Background: Neurofeedback (NF) has been described as “probably efficacious” when used in conjunction with other interventions for substance use disorders, including the most recent studies in population of individuals with opioid use disorder. Despite these promising outcomes, the seriousness of the opioid epidemic, and the high rate of relapse even with the most effective medication-assisted maintenance treatments NF continues to be an under-researched treatment modality. This article explores factors that affected the feasibility of adding Alpha/Theta Neurofeedback to treatment as usual for opioid dependence in an outpatient urban treatment center. The study strived to replicate previous research completed in Iran that found benefits of NF for opioid dependence.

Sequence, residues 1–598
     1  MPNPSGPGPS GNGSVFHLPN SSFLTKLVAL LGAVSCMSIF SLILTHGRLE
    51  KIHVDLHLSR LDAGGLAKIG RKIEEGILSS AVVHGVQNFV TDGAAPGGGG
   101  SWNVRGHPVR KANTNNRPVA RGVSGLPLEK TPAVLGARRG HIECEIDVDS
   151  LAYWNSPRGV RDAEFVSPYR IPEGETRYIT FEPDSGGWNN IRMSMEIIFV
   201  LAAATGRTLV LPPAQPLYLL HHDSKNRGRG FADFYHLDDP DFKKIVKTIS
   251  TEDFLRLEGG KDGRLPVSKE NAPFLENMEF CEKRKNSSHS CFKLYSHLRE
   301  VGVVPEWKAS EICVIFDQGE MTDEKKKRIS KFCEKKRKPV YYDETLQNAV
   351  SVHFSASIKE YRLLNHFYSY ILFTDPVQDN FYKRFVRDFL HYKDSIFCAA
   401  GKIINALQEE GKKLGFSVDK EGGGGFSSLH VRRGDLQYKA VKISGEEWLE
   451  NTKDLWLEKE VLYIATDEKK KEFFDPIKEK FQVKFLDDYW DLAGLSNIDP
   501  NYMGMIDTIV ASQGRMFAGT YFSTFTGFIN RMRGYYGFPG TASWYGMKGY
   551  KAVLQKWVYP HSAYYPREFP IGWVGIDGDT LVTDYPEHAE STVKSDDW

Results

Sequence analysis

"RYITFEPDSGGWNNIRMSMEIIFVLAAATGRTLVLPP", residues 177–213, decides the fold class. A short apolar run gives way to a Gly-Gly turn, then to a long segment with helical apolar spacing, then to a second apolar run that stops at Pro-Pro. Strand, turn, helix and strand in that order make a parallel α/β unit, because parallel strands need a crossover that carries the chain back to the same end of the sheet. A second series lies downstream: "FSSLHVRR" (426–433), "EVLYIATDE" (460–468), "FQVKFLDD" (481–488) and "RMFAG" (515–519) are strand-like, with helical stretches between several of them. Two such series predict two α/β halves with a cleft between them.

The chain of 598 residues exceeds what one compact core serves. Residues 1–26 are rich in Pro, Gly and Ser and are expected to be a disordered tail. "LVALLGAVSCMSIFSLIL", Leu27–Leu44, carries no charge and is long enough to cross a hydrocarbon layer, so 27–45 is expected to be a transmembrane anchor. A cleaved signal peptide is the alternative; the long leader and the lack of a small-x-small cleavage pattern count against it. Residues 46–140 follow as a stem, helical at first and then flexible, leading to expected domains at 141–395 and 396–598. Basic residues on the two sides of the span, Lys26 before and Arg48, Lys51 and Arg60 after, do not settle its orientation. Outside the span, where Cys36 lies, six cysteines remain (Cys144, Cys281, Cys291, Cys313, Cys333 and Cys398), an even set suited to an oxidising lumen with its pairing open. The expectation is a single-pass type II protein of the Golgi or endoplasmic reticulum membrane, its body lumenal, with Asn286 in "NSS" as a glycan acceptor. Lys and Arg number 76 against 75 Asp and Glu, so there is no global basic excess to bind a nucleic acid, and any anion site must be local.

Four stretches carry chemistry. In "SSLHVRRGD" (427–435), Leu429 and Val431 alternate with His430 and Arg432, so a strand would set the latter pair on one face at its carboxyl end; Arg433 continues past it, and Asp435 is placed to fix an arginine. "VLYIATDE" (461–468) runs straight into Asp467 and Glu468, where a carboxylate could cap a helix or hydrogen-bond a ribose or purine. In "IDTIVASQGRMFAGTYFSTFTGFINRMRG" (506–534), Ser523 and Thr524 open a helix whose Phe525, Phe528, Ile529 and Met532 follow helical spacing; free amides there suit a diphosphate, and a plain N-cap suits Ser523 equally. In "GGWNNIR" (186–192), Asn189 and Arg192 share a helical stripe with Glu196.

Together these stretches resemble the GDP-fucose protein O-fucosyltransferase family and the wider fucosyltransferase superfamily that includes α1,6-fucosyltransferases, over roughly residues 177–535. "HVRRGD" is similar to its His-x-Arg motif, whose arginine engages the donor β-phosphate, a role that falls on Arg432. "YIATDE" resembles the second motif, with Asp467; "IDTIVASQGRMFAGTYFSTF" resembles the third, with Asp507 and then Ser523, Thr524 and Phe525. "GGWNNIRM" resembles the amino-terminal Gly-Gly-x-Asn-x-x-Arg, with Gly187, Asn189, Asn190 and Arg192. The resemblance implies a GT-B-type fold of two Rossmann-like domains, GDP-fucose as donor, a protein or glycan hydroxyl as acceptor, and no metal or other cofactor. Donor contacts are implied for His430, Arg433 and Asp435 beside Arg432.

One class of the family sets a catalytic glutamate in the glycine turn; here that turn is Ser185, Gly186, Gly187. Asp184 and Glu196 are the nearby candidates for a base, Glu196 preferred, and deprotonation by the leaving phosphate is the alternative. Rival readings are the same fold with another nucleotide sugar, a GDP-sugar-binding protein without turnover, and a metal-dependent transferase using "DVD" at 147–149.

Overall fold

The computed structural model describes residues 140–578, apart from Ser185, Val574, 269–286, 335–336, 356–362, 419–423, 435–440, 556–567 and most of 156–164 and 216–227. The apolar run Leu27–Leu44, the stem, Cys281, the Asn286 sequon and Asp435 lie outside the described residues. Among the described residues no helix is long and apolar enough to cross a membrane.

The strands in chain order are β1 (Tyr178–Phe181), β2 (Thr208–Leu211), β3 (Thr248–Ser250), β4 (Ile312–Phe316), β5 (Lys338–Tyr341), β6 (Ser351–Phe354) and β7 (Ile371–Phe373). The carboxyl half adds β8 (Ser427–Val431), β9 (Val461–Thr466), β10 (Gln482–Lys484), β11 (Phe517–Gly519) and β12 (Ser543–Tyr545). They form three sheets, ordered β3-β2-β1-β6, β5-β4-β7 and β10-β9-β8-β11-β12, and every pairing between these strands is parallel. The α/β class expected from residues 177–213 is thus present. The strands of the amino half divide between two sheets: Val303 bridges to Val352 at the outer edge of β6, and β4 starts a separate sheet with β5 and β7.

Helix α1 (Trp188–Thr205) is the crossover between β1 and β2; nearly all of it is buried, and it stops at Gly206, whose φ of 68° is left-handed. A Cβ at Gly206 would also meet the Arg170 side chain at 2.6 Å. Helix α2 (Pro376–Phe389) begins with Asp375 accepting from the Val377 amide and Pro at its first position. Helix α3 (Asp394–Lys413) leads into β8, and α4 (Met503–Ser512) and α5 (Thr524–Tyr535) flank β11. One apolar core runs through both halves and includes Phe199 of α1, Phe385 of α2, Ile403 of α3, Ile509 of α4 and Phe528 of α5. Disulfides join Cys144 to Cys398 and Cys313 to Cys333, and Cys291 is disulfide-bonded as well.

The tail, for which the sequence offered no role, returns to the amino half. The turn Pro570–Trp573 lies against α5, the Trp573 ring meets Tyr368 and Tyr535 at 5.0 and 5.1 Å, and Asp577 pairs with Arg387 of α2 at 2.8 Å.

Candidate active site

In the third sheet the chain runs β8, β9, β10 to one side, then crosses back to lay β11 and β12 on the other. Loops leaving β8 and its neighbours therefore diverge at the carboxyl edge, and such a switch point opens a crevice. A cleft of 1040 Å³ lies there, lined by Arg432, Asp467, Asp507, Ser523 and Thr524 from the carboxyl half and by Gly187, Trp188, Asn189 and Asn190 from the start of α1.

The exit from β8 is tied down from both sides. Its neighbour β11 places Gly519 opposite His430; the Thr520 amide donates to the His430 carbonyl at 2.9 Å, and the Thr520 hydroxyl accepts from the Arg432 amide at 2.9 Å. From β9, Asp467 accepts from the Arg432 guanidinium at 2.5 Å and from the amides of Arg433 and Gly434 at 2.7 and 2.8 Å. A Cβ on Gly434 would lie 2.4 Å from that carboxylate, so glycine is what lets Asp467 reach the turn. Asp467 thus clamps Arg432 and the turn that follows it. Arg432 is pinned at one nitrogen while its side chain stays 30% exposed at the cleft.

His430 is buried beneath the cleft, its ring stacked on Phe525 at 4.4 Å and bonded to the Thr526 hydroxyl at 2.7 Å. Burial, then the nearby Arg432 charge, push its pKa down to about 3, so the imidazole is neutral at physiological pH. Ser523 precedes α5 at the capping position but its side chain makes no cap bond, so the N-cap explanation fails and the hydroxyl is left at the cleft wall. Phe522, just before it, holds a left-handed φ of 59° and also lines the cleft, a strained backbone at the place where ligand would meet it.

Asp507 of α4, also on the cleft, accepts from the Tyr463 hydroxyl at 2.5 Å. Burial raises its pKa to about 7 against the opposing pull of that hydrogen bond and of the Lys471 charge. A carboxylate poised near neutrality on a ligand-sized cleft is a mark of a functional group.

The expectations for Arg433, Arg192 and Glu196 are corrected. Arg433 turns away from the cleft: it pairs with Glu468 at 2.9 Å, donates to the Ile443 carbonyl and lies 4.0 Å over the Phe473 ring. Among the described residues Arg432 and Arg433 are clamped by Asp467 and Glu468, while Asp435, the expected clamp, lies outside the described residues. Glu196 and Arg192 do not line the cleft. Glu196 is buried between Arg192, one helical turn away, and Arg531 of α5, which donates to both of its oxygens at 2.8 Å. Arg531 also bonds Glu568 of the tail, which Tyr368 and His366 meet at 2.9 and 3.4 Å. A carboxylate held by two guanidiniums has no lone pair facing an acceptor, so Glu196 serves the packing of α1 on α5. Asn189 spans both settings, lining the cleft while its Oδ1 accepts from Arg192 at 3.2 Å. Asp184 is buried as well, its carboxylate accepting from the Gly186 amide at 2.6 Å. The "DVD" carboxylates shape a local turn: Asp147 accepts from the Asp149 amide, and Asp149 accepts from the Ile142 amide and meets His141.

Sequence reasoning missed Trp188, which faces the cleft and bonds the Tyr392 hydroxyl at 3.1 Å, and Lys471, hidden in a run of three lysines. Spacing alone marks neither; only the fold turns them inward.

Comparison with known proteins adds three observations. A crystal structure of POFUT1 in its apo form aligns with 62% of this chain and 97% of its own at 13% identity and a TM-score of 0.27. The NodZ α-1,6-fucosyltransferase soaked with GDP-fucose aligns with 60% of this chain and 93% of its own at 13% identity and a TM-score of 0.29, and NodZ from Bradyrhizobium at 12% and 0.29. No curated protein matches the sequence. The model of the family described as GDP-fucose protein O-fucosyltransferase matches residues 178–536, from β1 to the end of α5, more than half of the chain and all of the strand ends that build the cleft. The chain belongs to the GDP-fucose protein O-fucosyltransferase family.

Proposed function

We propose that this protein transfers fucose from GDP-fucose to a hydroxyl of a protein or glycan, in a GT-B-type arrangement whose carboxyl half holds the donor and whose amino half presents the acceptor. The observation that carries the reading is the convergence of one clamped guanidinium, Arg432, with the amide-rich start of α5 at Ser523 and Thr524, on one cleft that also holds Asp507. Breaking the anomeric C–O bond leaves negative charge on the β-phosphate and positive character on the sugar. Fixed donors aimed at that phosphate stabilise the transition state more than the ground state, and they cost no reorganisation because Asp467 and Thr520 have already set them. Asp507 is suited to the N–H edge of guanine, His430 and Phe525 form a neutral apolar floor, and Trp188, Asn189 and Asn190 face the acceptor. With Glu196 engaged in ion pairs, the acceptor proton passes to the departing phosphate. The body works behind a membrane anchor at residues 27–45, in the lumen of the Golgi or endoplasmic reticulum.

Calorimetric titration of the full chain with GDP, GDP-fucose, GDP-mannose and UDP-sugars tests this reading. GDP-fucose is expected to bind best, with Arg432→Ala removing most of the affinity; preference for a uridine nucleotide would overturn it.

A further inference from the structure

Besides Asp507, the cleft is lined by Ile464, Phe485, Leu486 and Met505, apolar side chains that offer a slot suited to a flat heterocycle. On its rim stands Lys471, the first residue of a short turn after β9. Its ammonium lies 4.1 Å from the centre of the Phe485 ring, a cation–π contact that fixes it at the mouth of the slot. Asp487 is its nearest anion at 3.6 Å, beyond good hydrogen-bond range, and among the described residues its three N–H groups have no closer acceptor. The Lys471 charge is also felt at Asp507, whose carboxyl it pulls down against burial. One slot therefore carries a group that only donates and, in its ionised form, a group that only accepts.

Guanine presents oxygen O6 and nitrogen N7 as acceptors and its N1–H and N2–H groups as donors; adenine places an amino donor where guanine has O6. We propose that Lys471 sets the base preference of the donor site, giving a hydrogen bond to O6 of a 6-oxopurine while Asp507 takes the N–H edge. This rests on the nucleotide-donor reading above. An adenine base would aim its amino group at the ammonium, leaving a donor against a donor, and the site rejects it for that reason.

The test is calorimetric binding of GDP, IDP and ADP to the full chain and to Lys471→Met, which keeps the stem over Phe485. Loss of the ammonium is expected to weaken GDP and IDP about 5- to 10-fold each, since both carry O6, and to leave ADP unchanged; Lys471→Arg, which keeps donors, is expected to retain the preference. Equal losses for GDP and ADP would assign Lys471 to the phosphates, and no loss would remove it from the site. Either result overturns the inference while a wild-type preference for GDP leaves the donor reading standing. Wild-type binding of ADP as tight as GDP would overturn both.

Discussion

Methods: Out of approximately two dozen patients eligible for Alpha/Theta NF, about 60% (n=15) agreed to participate; however, only 2 participants completed treatment. The rates of enrollment in response to active treatment were monitored.
Results: The 4 factors affecting feasibility were: 1) the time commitment required of participants, 2) ineffectiveness of standard incentives to promote participation, 3) delayed effects of training, and 4) the length and number of treatments required.
Conclusion: The findings indicate a large scale study examining the use of NF for the treatment of opioid use disorder in the United States will likely be difficult to accomplish without modification to the traditional randomized control study approach and suggests challenges to the implementation of this treatment in an outpatient setting.